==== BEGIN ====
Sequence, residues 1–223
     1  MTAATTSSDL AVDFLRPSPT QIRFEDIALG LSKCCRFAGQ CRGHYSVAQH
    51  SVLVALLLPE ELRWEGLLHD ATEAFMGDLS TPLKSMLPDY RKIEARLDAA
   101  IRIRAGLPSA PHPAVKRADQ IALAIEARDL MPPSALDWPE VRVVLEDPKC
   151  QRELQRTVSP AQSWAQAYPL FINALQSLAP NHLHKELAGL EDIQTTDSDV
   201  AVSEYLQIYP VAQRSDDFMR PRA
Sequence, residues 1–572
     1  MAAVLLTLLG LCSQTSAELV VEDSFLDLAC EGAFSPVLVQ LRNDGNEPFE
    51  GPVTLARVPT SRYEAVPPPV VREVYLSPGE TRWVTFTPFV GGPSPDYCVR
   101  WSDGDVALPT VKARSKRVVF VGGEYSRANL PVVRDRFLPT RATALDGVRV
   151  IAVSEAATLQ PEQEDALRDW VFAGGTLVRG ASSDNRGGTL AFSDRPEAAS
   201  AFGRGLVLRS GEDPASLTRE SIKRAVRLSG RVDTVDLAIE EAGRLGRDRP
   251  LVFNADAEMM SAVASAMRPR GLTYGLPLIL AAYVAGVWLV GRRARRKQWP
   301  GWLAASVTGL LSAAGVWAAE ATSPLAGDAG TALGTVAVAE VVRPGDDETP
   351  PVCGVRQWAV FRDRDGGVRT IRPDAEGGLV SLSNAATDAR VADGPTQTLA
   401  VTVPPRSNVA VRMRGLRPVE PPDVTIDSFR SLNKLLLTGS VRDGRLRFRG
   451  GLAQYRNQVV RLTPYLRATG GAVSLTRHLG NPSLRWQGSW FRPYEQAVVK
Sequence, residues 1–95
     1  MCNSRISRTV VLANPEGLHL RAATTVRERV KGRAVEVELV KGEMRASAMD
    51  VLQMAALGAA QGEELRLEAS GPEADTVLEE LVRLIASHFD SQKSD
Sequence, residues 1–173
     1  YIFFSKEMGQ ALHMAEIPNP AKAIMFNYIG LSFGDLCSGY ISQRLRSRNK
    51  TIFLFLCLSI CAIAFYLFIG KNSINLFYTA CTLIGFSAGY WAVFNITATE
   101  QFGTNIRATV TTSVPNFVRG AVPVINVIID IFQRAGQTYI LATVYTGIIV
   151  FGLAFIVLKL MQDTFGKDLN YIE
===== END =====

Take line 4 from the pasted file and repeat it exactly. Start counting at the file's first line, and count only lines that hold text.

   101  IRIRAGLPSA PHPAVKRADQ IALAIEARDL MPPSALDWPE VRVVLEDPKC